2016 marks the centennial of the National Park’s existence in America. While you may take the preserved wilderness for granted today, you can thank a small group of conservationists in the mid-1800’s for your bliss. While President Lincoln and Ulysses S. Grant preserved the first parks in California and Colorado, it was under FDR’s presidency that the program flourished. During his time in office, FDR created 5 new parks, dozens of national monuments, and preserved bird sanctuaries and more than 100 million acres of National Forest. 

“Americans developed a national pride of the natural wonders in this nation and they believed that they rivaled the great castles and cathedrals of Europe,” explains David Barna, National Park Service Chief of Public Affairs in a recent article depicting the National Parks’ origin.

From the towering Rocky Mountains to the rolling Tennessee hills, our National Parks showcase the wild beauty of an America that we’ll never know. Here are 5 ways you can support our Nation’s historic and ongoing project. 

Zion National Park, utah

  1. Visit a Park

Stop putting off your dreams of visiting the Great Smoky Mountains or the Grand Tetons. 2016 is a great year to make it happen. What’s the closest park to you? Have you visited it? Check out each park’s calendar to learn more about the special events happening year round to celebrate this special year.

  1. Provide a Donation

One of the best ways you can support the National Parks’ future is to make a donation to the National organization. Running a park takes a tremendous amount of labor and financial support. Keep in mind that as the parks age, they require more and more work to keep them safe and open for visitors. By providing a monetary donation, you’ll be keeping the dream alive for decades in the future. 

Arches National park

  1. Volunteer Your Help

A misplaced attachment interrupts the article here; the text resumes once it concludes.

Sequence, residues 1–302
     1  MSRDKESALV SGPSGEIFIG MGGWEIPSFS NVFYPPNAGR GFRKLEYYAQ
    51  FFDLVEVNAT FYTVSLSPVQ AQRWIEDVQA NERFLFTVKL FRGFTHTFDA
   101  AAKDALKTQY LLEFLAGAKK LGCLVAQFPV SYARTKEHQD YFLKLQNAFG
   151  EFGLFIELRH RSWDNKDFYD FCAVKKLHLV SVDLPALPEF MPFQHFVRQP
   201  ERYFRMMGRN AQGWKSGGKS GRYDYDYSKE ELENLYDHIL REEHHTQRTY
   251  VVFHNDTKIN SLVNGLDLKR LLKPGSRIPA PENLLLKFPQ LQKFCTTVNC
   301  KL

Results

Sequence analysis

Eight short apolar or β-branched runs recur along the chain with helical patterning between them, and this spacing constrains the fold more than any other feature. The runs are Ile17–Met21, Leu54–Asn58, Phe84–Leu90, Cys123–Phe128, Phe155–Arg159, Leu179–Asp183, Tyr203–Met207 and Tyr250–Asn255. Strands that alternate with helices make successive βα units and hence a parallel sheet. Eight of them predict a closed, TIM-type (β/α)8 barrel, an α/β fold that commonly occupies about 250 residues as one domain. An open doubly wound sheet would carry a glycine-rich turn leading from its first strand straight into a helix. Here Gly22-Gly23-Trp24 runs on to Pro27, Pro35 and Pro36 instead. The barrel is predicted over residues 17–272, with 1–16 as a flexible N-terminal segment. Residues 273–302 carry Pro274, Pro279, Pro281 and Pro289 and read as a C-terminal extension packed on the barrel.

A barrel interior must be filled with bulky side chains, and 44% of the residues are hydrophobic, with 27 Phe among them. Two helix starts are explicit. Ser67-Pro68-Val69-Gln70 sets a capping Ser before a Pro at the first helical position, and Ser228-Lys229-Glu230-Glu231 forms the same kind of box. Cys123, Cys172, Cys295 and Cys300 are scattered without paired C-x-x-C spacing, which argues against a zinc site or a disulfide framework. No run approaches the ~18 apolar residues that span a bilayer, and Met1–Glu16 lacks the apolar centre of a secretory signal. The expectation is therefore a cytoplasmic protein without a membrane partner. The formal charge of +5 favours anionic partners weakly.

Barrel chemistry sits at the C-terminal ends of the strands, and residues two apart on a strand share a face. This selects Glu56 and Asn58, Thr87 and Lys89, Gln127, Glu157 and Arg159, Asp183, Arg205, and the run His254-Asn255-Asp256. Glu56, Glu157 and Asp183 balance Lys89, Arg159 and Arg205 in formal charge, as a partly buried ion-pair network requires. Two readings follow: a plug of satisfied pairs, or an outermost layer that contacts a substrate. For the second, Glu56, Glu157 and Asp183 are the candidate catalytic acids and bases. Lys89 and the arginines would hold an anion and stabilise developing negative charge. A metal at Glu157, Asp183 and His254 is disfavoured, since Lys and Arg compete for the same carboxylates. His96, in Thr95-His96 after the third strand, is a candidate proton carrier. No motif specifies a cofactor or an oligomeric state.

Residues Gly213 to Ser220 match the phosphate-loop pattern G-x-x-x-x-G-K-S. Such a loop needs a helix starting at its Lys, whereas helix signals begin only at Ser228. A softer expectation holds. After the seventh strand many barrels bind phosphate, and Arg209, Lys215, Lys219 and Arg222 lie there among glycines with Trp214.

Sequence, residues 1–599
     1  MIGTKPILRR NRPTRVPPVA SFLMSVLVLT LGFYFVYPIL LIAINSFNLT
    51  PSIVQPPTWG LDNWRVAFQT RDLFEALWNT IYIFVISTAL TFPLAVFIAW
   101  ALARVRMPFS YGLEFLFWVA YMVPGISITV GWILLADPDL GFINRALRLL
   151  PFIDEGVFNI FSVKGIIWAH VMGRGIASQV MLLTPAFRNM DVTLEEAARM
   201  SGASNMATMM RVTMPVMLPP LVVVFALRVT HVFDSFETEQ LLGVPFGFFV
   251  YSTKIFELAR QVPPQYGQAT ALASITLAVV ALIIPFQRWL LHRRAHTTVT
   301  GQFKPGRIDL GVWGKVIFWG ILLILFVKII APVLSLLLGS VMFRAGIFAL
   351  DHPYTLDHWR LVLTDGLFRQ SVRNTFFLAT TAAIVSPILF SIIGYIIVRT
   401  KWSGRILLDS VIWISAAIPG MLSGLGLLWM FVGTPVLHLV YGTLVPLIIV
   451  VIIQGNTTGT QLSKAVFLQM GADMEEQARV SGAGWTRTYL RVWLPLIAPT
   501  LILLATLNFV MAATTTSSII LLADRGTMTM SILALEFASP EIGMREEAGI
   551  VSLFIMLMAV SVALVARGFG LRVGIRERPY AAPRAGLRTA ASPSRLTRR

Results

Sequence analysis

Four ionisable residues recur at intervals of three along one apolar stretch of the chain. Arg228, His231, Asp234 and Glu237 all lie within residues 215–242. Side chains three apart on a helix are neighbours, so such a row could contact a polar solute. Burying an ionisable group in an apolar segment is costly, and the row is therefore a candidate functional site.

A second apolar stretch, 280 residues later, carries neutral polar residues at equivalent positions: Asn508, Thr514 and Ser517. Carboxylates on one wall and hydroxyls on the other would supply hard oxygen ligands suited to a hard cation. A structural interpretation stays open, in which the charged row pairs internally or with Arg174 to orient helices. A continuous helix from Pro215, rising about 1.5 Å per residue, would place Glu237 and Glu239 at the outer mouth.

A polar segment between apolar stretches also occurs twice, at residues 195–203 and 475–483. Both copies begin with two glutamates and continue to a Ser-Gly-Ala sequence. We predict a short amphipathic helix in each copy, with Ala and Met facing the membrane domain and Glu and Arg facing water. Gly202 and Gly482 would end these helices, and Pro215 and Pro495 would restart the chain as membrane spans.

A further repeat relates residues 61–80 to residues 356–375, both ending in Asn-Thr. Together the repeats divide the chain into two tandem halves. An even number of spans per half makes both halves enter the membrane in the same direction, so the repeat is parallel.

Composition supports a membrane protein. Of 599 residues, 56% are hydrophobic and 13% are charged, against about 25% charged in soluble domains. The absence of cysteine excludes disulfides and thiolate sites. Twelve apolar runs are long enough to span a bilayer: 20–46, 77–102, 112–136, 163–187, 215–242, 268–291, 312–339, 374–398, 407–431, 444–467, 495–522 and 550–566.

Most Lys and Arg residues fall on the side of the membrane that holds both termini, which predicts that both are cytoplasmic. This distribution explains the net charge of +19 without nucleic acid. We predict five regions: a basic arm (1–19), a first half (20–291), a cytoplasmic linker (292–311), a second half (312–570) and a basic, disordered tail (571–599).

If you’re lucky enough to live near one of the National Parks, consider reaching out and offering an afternoon of help. Unless you’re a seasoned ranger, you won’t be leading visitors on trails, but you’ll be immensely helpful in other ways. All parks benefit from volunteer work. What type of tasks could you be assigned? You could help keep the clean free of litter and trash. You could offer your skills as a writer, teacher, or artist to lead a small workshop centered around nature. If you have the time, you might even consider signing up to be a campground host or welcome center attendant. Check out Volunteer.gov for the latest listing of opportunities.

Acadia National Park

Best yet, if you donate 20.1 hours of service before the end of the year, you’ll receive a limited edition coin commemorating the centennial year.

  1. Watch the Documentary: America’s Best Idea

If you haven’t seen the 6-episode documentary produced by Ken Burn’s, now’s a great time to enjoy it! Learn the history, politics, and challenges the pioneers of the park system faced as they attempted to do the impossible. A great activity to learn something new or to torture your kids. Don’t worry–when they visit the Grand Canyon years from now, they’ll thank you for the primer.

Joshua Tree National Park

  1. Explore Your Natural Areas in Your Community!

You might not live near a park. Maybe you’ve never even visited one. Take heart and channel your energy to discover trails and local parks in your area. Celebrating the centennial is about finding ways to spend more time in nature.

National Park Service